. . . to arrange or bring about through conversation, conference or discussion in order to arrive at some kind of agreement . . .

What happens if you are a new submissive and do not know what your ‘soft limits’ are? How can you pre-decide what to identify as a limit?

The simple truth is that you can’t. As a new submissive you may have a general idea that certain types of specific scene activities will be difficult for you. As an example, you may know that the use of gags is something you believe you will not be able to tolerate, perhaps you have asthma or problems with normal breathing, or perhaps you have a form of claustrophobia or other anxiety disorder related to constriction of the mouth. However, you also know that you have not independently experimented with gags on yourself so you have no factual supporting information that tells you ‘conclusively’ that you will list gags as a limit.

When furthering a relationship with a Dominant, Top or other person you desire to scene with the only real considerations you bring with you are those you know conclusively pertain to you, all other areas, experiences and choices are subject to a process of ongoing negotiation. Some couples prefer to do this by organizing a scene in advance, discussing all elements in the scene and talking about those elements to determine if this scene contains within it items or areas of significance. By engaging in such a scene the submissive is offering a ‘limited’ consent to testing out certain objects, items or ideas to physically experience them. During such an explorative scene the scening Dominant, Top or other individual should retain a heightened awareness of the submissive by carefully monitoring their behavior for any signs of distress. If any indication of trouble is noted the Dominant should then interrupt the scene to question the submissive to ensure that they are okay. It should be understood by the Dominant that the submissive may have a problem and yet may be unwilling to be forthright about that problem.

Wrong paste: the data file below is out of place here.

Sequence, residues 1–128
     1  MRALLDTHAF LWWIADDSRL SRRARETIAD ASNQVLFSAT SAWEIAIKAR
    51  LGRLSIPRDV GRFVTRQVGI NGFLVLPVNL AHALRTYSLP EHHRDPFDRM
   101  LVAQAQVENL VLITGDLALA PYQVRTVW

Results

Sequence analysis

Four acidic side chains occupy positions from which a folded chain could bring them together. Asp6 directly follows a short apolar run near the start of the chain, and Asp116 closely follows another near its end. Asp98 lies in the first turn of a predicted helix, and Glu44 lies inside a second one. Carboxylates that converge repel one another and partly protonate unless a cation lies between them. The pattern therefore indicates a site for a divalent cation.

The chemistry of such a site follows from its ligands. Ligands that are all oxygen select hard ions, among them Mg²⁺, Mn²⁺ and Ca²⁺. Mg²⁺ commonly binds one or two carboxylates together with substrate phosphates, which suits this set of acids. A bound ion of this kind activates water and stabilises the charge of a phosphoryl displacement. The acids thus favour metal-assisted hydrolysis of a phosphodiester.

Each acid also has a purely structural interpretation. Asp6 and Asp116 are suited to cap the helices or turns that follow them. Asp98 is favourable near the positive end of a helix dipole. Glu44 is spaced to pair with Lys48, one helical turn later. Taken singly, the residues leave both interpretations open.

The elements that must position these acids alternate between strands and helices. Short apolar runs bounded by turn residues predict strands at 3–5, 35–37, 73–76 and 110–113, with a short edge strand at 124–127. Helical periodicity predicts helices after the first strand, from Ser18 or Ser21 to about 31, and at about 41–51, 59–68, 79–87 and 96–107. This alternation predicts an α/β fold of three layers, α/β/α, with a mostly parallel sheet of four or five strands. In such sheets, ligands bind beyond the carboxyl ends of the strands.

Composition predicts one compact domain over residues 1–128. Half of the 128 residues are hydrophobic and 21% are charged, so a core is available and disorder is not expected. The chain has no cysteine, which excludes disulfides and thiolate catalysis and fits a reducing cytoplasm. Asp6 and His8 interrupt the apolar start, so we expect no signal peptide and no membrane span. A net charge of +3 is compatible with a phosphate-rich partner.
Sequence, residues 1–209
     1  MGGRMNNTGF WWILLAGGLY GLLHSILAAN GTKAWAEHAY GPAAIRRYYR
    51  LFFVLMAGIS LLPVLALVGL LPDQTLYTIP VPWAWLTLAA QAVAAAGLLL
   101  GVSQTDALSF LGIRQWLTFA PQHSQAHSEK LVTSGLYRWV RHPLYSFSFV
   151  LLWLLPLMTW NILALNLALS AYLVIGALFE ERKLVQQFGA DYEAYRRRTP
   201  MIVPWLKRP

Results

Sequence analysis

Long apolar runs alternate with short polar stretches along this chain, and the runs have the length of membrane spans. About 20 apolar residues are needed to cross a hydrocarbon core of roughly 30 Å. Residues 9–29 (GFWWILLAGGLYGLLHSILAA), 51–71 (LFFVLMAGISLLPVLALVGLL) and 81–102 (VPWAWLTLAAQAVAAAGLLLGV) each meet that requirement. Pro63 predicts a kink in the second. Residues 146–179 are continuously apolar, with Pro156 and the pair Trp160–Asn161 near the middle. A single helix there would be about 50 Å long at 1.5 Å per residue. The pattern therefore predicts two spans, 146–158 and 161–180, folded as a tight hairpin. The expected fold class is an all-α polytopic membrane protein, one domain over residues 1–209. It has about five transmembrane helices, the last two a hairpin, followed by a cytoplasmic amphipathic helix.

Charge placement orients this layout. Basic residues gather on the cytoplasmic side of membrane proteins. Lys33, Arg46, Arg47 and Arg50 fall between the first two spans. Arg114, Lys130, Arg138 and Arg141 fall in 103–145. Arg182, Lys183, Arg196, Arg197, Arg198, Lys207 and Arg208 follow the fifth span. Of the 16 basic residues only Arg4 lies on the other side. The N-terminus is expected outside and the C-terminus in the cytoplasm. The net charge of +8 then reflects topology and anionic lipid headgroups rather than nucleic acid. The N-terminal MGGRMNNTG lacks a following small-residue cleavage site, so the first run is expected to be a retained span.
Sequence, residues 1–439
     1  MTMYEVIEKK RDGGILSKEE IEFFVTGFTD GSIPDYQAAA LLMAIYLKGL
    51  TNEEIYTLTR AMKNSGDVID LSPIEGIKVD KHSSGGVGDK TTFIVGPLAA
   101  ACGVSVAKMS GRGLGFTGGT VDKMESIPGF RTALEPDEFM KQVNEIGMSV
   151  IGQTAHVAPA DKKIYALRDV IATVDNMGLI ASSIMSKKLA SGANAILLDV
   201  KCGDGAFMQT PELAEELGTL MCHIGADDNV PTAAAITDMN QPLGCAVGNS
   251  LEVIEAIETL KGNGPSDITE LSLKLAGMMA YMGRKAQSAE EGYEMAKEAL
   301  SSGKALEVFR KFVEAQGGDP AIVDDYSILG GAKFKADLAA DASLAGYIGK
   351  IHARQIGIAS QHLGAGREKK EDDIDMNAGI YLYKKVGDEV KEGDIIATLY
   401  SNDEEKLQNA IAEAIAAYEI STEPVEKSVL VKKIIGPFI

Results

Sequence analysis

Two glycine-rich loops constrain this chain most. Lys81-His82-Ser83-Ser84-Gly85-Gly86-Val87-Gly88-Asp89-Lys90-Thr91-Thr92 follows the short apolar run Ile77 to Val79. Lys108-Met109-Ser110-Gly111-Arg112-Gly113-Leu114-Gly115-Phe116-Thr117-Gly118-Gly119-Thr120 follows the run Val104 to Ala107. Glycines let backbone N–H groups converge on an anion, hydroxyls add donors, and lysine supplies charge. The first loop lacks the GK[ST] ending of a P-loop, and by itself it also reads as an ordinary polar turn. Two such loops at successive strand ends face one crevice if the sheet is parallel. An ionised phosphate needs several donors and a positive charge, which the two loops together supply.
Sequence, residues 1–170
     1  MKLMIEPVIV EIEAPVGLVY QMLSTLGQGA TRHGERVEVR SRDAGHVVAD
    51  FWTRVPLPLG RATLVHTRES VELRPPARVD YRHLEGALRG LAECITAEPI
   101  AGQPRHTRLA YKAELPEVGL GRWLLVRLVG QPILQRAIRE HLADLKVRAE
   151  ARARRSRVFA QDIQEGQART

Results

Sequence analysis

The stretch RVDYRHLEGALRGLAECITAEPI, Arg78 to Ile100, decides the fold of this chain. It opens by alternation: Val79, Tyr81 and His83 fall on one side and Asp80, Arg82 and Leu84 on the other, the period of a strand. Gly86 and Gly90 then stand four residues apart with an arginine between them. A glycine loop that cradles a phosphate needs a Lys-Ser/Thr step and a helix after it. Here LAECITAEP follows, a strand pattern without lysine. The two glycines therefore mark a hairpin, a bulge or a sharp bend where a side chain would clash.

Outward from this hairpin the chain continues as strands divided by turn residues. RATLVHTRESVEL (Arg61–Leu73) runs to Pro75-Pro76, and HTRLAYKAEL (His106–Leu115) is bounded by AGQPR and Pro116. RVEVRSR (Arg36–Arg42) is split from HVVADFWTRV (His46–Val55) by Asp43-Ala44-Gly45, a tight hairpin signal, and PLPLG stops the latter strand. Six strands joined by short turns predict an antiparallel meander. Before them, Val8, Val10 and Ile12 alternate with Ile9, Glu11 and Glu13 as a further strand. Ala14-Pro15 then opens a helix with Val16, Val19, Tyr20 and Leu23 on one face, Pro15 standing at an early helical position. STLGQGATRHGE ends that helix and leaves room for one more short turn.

This is particularly true if the submissive knows that ‘this element’ of scening is considered by the Dominant to be of great importance to them in advance of the scene. With this sort of ‘front loading’ of a scene the submissive may be caught between dislike of what is happening and a need or desire not to fail their Dominant. Whenever possible limit or do not engage in pre-discussion of scene preferences with a submissive who is inexperienced in-scene. Such discussions can cause this type of front loading and may obscure the submissive’s true response. This can be important since in-scene a submissive can go into an anxiety state of panic which may cause them to thrash within bondage to the point of significant injury. If this occurs the submissive may sustain long term mental and emotional scarring related to all aspects of the scene even when other lesser or minor elements of the scene were not traumatic to the submissive prior to this particular bad scene.